Stereotypes, after all, do occasionally have a heuristic value. Unfortunately most if not all people outside Estonia talk about something called "The Baltics." This is an interesting concept, since what the three Baltic States have in common almost completely derives from shared unhappy experiences imposed upon us from outside: occupations, deportations, annexation, sovietization, collecitivization, russification. What these countries do not share is a common identity.
A brief excursion into the history of the Baltic idea is useful. The first time the term "Balt" came into use to describe this limited part of the Baltic Sea littoral was in the second half of the 19th century. With the development of national consciousness on the part of the Estonians and the Latvians in the then three provinces of Estland, Lettland and Kurland, the Germans living there began calling themselves Balts. Neither Estonians nor Latvians were Balts, but Germans. There was a secondary, purely academic linguistic term, the Baltic languages, Latvian, Lithuanian and the now defunct East Prussian, but this was confined to academic circles.
With the independence for the first time of a number of new countries in the wake of the first World War, including, Finland, Estonia, Latvia, Lithuania, Poland (after a hiatus of 150 years), Czechoslovakia, Austria and Yugoslavia, a new geographical term came into use: the Baltic countries. There were four of them: Estonia and Latvia, as well as two that had never been associated with the term Baltic-Lithuania and Finland. The last is today surprising but if you read the diplomatic, academic and even popular literature of the 1920s you will find that the outside world indeed thought of four Baltic states -- as did the Molotov-Ribbentrop Pact in 1939.
This changed regarding Finland at the end of the 20s and the beginning of the thirties. Finland on the one coast, and Sweden on the other, adopted a policy of nordicization. Finland abandoned her earlier attempts to create a Baltic Union and decided to push to become a Nordic country. The Swedish Foreign Ministry, as I was told by Lars Freden, did a policy review and decided that it was in Sweden's ability, resources, and national interest to nordicize but one of the Balts, Finland. Today, no one thinks of Finland as a Baltic country, but as a self-evident member of Yule-land.
I think it is time to do away with poorly fitting, externally imposed categories. It is time that we recognize that we are dealing with three very different countries in the Baltic area, with completely different affinities. There is no Baltic identity with a common culture, language group, religious tradition. For almost four years now, Lithuania has been correctly pointing out that it is a Central European country. Its Catholicism, architecture, history all link it to Poland and the other Visegrad countries. Estonia was and as I will try to point out is, if anything, a member of Yuleland.
Despite the travails and altogether different experiences of the historical era, the intervening millennium of wars, occupations, as well as modernization and the phenomenal rise of all but one (until recently Soviet-occupied) Yuleland to the ranks of the richest nations, commonalities remain.
Today, Yulelanders rank the highest in the world in Internet connections and in mobile phone penetration, lowest in the world in corruption. Iceland, Finland, Norway, Denmark and Sweden (in that order) top Europe in Internet penetration. The UK is the 8th place. Surprisingly, given its backwardness as a "Soviet Republic" only eight years ago, Estonia ranks eleventh in the entire Europe, including non-EU internet leaders such as Iceland and Norway. We are by far the highest ranked former Communist country and are more interneted than half the EU.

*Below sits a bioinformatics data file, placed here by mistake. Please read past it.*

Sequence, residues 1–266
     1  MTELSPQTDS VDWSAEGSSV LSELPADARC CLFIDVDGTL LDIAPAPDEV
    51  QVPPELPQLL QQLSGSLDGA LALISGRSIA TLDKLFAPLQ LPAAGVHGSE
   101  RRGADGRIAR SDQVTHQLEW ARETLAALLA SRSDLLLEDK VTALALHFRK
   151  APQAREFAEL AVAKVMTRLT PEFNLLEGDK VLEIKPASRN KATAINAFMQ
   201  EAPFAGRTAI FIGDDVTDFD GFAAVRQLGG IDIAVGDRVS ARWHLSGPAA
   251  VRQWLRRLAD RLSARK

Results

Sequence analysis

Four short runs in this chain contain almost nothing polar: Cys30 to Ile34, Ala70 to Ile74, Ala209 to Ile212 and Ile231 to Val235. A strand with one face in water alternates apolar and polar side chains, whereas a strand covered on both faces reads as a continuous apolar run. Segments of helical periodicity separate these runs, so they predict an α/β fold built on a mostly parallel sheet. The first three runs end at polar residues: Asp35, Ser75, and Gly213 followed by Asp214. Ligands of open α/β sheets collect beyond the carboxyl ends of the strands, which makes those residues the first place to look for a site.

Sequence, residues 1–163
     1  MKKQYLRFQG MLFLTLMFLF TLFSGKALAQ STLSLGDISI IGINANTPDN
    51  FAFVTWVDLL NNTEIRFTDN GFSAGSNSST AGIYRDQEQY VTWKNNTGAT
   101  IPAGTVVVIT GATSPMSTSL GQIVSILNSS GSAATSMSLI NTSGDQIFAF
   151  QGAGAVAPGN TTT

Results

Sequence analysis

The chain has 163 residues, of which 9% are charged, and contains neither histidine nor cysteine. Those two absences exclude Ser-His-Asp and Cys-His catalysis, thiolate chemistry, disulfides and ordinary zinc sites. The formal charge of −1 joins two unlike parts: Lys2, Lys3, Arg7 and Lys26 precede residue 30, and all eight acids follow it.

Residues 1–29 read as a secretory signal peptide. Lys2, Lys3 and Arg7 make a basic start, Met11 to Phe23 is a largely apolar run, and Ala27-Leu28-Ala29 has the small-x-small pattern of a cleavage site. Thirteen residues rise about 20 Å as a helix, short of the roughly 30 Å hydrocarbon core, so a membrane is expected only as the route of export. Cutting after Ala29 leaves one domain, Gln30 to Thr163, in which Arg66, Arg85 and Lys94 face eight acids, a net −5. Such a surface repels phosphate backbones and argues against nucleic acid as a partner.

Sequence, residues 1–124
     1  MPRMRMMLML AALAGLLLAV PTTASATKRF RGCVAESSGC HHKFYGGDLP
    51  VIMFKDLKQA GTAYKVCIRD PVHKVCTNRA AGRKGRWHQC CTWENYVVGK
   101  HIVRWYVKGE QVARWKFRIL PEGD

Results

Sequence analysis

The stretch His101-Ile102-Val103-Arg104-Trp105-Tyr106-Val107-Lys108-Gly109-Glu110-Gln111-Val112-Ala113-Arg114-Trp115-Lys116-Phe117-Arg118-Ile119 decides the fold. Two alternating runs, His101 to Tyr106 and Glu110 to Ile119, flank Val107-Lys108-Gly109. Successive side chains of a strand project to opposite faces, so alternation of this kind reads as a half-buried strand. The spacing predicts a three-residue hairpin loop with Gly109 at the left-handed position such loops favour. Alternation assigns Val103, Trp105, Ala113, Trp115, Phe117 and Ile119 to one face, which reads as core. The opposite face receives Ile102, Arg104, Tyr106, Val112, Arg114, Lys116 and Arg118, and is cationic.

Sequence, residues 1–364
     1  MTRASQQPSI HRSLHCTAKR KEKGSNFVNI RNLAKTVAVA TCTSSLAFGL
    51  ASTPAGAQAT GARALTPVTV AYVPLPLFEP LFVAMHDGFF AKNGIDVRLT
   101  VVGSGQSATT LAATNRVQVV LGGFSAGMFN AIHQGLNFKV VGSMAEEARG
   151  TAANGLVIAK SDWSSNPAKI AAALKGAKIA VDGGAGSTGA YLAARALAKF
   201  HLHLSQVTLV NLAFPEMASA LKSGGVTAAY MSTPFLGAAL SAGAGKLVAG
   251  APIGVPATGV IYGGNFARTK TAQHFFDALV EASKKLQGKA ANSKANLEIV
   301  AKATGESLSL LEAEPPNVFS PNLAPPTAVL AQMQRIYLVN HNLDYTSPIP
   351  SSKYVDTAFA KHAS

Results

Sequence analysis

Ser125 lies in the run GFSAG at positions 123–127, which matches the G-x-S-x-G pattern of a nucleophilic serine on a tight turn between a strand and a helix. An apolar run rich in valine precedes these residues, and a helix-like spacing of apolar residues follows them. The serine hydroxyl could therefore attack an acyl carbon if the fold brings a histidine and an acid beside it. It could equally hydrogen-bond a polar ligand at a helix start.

This same reassertion of Yulelander identity in Estonia in other measure is high-tech identity, mobile-phone use, where it is ahead of even Germany and quickly catching up to the world leaders, the Scandinavians. Indeed there are more mobile phones in Estonia today than there were fixed line connections when we re-established independence.
By far the oddest indicator, however, of a Yulelander identity evidenced by individual behavior measured in the aggregate is corruption, or more precisely, the absence of corruption. According to its yearly survey of corruption around the world Transparency International rates the five least corrupt countries in Europe as Denmark, Finland, Sweden, Iceland and Norway. The UK rates 8th place. Estonia is 15th, a post-communist country but rated less corrupt than three members of the EU.
Clearly the case is to be made that these Protestant, high-tech oriented countries form a Huntingtonian sub-civilization, different from both its southern and eastern neighbors. The long, dark, and cold winter nights of Yuleland, inhospitable as they were to our ancestors' lives in agrarian societies, have produced a similar mindset and a culture geared to the demands of a modern, globalised economy. Indeed one could say that yulelanders are the new wave of Europe.
No genuine "northern identity" has emerged, yet. Yulelanders are individualistic and loathe to identify with groups. Nonetheless, something is on the move. Within the European Union a northern identity is emerging. Estonians, the only people to have broken through the initial prejudices of the EU toward the "former soviets" are already described by "southerners' as the "new Finns.'" With the breakdown of borders imposed by the Cold War as well as the dissolution of the far less noxious borders of the post-Westphalian system of nation-states within the EU, common interests, common styles and approaches will increasingly dominate. As regions rather than individual countries play an ever more important role in the open global economy, Yule-land will clearly be a major player.
Already now the UK and Nordic countries are the biggest players in the Estonian economy, accounting for the overwhelming majority of investments in the country, as well as our own export destination. This makes perfect sense: We understand each other; we can do business. As this group of countries continues to stand among the best economic performers on the global stage, the identity of Yuleland is bound to emerge to become a force and way of doing things that will be reckoned with.
1 "Joy of living"